Catching up with Laura Lemon ’16 W&L’s campus culture — from small classes to the Speaking Tradition — gave Lemon the communication skills and confidence to succeed.
What was your major at W&L, and how does it apply to your career now?
I double majored in art history and communications while in Lexington. My career as a journalist directly correlates with my communications major, but art history also really prepared me to deep dive into a subject and express it in words — especially when I’m researching for long-form history pieces. A few times I’ve written artist profiles, which I always feel is the ultimate blend of my experience at W&L.
What was your first job after graduation?
I interned for The Chronicle of the Horse magazine and then got hired as an editorial staffer. For those not familiar with horses, I like to say it’s the Golf magazine equivalent of the equestrian world. Established in the 1930s, it covers national and international competition in the three Olympic disciplines, plus a couple others.
How did W&L prepare you for your career?
Beyond my majors specifically helping me in my profession, I think the general culture of W&L prepared me more than I really realized at the time. By nature of the small class sizes, I had to learn to speak up, share a point of view or ask a question—I couldn’t hide per se, which my introverted personality sometimes leans into. Overall, that has helped me communicate with colleagues but also connect with sources to get the best responses. The Speaking Tradition subconsciously helped as well because it puts everyone, regardless of profession or age, on an equal playing field to be acknowledged. This has helped me not be as intimidated when I’m interviewing someone with an impressive resume of accomplishments and feel confident with the space I take up.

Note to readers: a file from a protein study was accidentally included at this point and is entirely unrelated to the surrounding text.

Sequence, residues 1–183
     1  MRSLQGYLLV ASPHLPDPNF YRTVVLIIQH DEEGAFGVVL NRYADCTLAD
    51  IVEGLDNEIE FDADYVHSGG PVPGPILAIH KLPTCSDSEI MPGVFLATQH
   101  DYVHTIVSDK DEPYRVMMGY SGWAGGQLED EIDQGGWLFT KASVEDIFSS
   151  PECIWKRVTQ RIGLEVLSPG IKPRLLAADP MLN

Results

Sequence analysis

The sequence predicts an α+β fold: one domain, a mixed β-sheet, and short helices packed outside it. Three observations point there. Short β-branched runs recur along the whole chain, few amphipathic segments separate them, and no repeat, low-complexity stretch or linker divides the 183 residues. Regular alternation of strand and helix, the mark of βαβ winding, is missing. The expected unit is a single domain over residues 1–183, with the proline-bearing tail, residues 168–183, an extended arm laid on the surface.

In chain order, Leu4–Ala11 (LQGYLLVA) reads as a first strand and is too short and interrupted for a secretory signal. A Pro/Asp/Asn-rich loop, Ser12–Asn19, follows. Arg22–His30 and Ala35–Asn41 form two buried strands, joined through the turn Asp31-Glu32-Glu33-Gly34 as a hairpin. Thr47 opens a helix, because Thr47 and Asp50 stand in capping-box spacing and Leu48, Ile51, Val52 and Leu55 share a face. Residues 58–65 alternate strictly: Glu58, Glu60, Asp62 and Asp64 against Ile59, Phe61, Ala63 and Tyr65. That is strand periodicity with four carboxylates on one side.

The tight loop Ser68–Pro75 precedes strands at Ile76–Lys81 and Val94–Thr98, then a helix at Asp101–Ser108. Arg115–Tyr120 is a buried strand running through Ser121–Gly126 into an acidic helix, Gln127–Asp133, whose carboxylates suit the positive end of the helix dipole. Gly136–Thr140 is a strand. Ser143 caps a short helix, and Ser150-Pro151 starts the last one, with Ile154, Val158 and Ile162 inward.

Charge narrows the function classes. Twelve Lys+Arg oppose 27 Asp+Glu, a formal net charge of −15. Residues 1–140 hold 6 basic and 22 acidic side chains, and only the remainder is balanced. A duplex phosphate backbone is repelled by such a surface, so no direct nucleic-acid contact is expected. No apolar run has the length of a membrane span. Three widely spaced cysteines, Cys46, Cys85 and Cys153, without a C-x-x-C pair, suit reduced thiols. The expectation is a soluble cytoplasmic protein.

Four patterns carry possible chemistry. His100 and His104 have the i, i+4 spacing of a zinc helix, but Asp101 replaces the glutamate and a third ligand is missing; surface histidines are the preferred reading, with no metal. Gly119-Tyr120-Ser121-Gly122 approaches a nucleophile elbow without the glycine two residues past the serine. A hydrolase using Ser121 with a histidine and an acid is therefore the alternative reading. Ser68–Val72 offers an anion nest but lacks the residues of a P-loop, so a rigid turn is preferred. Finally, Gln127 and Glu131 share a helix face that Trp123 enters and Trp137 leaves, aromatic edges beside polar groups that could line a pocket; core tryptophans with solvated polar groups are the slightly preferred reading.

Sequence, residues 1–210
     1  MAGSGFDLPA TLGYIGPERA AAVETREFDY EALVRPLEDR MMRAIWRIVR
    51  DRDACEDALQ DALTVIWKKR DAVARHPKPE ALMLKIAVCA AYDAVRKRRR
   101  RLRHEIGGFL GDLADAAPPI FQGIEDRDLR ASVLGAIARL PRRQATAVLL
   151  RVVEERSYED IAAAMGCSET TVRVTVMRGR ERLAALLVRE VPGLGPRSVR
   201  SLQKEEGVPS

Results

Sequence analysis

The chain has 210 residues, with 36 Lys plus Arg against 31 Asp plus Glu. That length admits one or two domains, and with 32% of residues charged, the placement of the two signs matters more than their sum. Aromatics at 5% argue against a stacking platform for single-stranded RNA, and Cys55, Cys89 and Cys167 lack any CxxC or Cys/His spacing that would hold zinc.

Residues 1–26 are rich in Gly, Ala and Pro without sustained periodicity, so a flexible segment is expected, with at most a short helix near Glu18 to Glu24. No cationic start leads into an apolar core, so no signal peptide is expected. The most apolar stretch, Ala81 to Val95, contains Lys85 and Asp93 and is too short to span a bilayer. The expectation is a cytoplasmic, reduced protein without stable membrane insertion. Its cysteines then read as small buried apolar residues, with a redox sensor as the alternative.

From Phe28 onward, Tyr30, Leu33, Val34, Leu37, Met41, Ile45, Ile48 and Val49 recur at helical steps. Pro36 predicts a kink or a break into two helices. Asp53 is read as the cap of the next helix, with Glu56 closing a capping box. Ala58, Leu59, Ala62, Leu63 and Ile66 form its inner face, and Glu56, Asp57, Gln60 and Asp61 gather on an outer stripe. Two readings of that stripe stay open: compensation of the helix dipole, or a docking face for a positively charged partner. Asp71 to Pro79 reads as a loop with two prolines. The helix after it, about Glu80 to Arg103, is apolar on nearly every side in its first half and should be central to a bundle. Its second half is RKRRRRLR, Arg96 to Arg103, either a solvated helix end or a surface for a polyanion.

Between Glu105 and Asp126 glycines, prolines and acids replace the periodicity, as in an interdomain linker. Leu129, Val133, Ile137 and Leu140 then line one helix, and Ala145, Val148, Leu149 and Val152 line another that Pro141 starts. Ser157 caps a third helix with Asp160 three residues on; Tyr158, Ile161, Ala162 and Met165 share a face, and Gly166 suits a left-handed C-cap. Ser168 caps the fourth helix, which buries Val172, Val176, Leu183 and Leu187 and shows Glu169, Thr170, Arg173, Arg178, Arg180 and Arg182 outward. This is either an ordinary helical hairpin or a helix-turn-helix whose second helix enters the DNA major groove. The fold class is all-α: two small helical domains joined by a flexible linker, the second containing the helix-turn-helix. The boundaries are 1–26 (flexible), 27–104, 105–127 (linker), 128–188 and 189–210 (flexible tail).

What are some of your major or memorable career milestones?
Back when I first started, my company submitted articles to the American Horse Publications, which flattered me with a couple of awards, but to be honest, the most memorable career milestones are marked instead by people and stories. I’ve brushed shoulders with a lot of childhood idols and Olympians that seemed like superhumans to me growing up — and I have since learned that they are also just people.
One of the greatest rewards as a profile writer comes when a subject opens up to you about their insecurities and battles. There’s an exchange of trust in those moments that I always feel honored to be a part of. I wrote an article right before the pandemic called “The Taboo Topic of Mental Health,” which dealt with the stigma of mental illness within the horse industry — but it really transcends all sports. In the two and a half years since, I’m still struck by how incredibly open, honest and strong my sources were. They trusted me with some extremely vulnerable experiences, and while writing it I felt such a duty to do right by them and to others just reading.
Whenever I feel that strong sense of duty — whether it’s capturing this person’s emotions correctly, like with profiles I wrote on Olympian Boyd Martin, Mexican Olympian Federico Fernández and legend Ralph Caristo, or investigating an important topic such as the inaccessibility of the sport — I consider those moments memorable milestones.
Who or what has most inspired you along the way? (Staff, faculty, classmates, internships, alumni, etc.)